The James Webb Space Telescope is taking STEM by storm.

#UnfoldtheUniverse art — by Kirthi Jayakumar. In addition to our #UnfoldTheUniverse art social media campaign by Kirthi Jayakumar. It is pastel on black paper. (Image Credit: Kirthi Jayakumar)
“An hourglass-shaped, multi-color cloud set against the black, starry background of space. This cloud of dust and gas is illuminated by light from a protostar, a star in the earliest stages of formation. The upper “bulb” of the hourglass is orange, while the lower “bulb” transitions from white to dark blue. Together, the two bulbs stretch out like butterfly wings turned 90 degrees to the side. Extending from the upper and lower bulbs are long, wispy filaments of color, looking almost like burning fire. In the center of the hourglass shape is a small, dark demarcation line. This line is an edge-on view of a protoplanetary disk, a disk of material being pulled into a star as it forms.” (Image credit: NASA, ESA, CSA, STScI)
Two images of the Pillars of Creation, a star-forming region in space. At left, Hubble’s visible-light view shows darker pillars that rise from the bottom to the top of the screen, ending in three points. The background is opaque, set off in yellow and green toward the bottom and blue and purple at the top. A handful of stars of various sizes appear. (Image Credit: NASA, ESA, CSA, STScI)
“Five galaxies known as Stephan’s Quintet. Two of the galaxies appear close together at the center of the image. One appears directly above, and another slightly to our left near the bottom of the image. Each of these four galaxies presents as an irregular dot of brilliant white light surrounded by glowing haze. A fifth galaxy hides at our center left in an oval shape marbled with a tangle of golden orange lines. Similar golden orange tangles appear around the two galaxies at the center of the image, and the galaxy above them. Above the two galaxies at the center is a bright, light blue cloud. This is a shock wave uncovered by the Chandra data. Scattered across the image are specks of white and golden orange light, gleaming stars and distant galaxies. (Image credits: X-ray: NASA/CXC/SAO; IR (Spitzer): NASA/JPL-Caltech; IR (Webb): NASA/ESA/CSA/STScI)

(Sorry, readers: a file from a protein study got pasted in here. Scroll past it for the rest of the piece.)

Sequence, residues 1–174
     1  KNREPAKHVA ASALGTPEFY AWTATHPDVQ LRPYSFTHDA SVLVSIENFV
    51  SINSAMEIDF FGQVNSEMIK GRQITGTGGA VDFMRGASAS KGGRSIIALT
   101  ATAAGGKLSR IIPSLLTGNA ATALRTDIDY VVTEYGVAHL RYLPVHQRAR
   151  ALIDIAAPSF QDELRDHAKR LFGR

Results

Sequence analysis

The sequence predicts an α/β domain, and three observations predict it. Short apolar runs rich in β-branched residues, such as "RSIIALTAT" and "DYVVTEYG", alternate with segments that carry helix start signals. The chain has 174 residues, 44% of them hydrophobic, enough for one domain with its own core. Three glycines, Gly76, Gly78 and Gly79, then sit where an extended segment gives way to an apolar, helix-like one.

Side-by-side images of asteroid Dimorphos as taken by the DART mission (left) as well as the Didymos-Dimorphos asteroid system after impact from DART, as taken by the Hubble (top right) and Webb (bottom right) telescopes. DART’s view shows a close-up of the gray, rocky surface of the asteroid. Hubble’s view, colorized blue, looks like wispy blue streaks emanating from a glowing bluish white core. Webb’s view, colorized red, is positioned towards the bottom right of its frame. The core glows a reddish white, with red plumes spreading out from the center. (Credits: Science: NASA, ESA, CSA, Jian-Yang Li (PSI), Cristina Thomas (Northern Arizona University), Ian Wong (NASA-GSFC); image processing: Joseph DePasquale (STScI), Alyssa Pagan (STScI); DART: NASA/Johns Hopkins APL)
Three labeled images side by side. On the left is Spitzer’s image, which resembles fuzzy white blotches against a black background. The differences between Hubble (middle) and Webb’s images (right) are more subtle. Both feature countless white stars, but Webb’s view has more sharply defined, colorful background galaxies as well as its characteristic snowflake diffraction spike pattern around particularly bright stars. Countless white stars, interspersed with yellow and orange background galaxies of various shapes, dot the black background. One prominent galaxy is a pale yellow spiral in the top left corner of the image. Another defining feature is a large white star with long diffraction spikes, seen just to the right of the top center. [Credit: NASA, ESA, CSA, STScI, and Kristen McQuinn (Rutgers University)]
James Webb Space Telescope Pumpkin Carving — by Kristina Girčytė. (Image credit: Kristina Girčytė)